Recital 33 foresees the same provision also for libraries, museums and archives. In other words, anonymisation is welcome, but it may increase re-use costs.


Anonymisation as a marginal cost. A crutch for the GDPR?

Regulation (EU) 2016/679 in Article 32 Security of processing recommends the adoption of security measures like pseudonymisation and encryption of personal data. Other measures are not excluded but it is clear that if you pseudonymise or encrypt your data, you are compliant with the Article 32.

GDPR defines pseudonymisation in Article 3 as “the processing of personal data in such a way that the data can no longer be attributed to a specific data subject without the use of additional information.” The “additional information” must be “kept separately and subject to technical and organisational measures to ensure non-attribution to an identified or identifiable person.”

Pseudonymisation is thus a slight form of anonymisation. The difference is that pseudonymous data still allows the re-identification, while anonymous data cannot be re-identified. It is obvious that if you provide pseudonymous data as open data not including the “additional information”, the data become anonymised data.

What does this mean? It means that public sector bodies, libraries, museums and archives have an extra incentive to pseudonymise/anonymise their data by charging the relative costs to the re-users with the condition that they provide their data as open data.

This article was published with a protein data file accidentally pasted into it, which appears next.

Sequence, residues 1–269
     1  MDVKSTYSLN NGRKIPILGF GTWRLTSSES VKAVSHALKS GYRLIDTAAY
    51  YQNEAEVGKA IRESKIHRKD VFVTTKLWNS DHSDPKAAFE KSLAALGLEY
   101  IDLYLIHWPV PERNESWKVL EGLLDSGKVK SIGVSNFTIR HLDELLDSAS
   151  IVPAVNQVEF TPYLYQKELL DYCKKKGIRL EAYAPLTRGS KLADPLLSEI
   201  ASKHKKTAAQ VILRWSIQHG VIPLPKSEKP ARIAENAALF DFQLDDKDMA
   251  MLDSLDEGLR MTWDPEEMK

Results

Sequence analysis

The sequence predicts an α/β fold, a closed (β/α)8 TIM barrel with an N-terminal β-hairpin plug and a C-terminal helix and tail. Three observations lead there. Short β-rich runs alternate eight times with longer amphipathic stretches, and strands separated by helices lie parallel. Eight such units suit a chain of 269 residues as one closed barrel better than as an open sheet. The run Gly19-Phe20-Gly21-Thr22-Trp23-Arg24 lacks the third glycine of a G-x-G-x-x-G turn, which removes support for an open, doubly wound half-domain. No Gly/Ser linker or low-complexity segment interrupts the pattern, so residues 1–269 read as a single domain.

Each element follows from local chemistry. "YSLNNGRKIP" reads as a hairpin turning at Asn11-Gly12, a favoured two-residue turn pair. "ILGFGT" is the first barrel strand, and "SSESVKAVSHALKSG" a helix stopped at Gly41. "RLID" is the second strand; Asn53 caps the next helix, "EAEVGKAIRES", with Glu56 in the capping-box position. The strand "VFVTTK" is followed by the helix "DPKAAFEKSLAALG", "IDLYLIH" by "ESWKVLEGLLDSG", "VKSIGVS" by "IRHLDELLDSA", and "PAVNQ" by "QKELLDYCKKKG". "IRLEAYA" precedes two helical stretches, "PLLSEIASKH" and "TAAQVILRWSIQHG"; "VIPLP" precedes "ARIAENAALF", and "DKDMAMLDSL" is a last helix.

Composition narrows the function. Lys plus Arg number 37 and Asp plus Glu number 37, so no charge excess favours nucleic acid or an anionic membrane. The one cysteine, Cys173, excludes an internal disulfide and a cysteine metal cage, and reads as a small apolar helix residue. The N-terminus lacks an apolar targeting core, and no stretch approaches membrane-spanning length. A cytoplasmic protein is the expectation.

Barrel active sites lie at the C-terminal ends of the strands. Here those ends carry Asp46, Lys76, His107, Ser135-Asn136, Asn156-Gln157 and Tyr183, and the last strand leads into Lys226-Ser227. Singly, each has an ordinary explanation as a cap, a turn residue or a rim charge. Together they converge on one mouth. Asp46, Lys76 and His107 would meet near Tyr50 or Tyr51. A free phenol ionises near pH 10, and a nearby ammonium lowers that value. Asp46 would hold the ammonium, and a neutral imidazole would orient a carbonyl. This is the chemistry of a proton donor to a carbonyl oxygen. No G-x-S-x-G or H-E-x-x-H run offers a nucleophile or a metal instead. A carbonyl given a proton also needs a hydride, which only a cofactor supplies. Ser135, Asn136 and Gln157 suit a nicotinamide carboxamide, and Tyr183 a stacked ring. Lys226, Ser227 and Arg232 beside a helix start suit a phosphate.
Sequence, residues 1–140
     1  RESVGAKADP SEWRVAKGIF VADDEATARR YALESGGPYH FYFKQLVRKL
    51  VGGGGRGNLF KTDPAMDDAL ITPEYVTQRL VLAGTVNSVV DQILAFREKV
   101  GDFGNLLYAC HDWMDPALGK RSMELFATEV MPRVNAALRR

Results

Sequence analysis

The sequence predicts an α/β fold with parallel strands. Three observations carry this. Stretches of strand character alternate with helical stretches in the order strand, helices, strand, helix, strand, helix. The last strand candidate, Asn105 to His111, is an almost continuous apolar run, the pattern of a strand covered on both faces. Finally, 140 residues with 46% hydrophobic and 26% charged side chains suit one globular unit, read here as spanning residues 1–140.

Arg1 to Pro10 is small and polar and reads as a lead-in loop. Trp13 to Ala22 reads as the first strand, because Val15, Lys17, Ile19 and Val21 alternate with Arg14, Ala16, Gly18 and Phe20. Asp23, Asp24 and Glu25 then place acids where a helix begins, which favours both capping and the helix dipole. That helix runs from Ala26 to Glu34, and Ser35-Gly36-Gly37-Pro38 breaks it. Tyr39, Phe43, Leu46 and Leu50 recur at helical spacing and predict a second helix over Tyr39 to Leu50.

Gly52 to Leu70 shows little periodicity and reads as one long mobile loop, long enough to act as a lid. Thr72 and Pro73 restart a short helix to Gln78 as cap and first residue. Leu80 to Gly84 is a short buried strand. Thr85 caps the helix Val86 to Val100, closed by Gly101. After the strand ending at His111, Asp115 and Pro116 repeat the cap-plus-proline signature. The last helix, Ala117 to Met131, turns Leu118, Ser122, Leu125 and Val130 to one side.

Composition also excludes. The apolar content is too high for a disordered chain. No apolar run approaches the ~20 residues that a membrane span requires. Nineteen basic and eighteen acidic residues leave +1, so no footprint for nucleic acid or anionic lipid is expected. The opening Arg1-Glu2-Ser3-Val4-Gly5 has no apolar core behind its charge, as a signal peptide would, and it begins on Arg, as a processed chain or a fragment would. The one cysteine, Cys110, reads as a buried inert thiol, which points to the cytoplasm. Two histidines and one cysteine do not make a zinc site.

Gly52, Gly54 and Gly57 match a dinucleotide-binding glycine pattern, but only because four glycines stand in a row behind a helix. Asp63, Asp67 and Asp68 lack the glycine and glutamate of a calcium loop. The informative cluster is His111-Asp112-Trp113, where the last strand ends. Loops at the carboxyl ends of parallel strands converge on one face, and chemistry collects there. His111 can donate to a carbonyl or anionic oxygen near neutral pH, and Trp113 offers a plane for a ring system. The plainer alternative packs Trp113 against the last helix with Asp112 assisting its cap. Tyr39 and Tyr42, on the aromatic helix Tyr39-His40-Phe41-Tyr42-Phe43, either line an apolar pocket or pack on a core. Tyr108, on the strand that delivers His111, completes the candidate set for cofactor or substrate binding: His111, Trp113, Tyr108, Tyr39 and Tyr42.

This all sounds like a win-win strategy: the public sector bodies do not pay for anonymisation and the re-users have more data to re-use.

Evaluation by the Commission

Another sign of impact of the data protection rules on the PSI Directive is mentioned in Article 16  Evaluation, where on point 1 it is stated that the Commission shall carry out an evaluation of the Directive and on point 2 that:

  1. The evaluation shall in particular address the scope and impact of this Directive, including the extent of the increase in re-use of public sector documents to which this Directive applies, the effects of the principles applied to charging and the re-use of official texts of a legislative and administrative nature, the re-use of documents held by other entities than public sector bodies, the interaction between data protection rules and re-use possibilities, as well as further possibilities of improving the proper functioning of the internal market and the development of the European data economy.

The provision of including the interaction between data protection rules and re-use possibilities in the evaluation have already been added by Directive 2013/37/EU, nevertheless on the light of the points above described, now it has a greater importance.


The new PSI Directive has  not been finalized yet, but the last amendments show that the data protection has been taken into account by recommending compliance with the GDPR and encouraging the anonymization of information by including its cost between the marginal costs.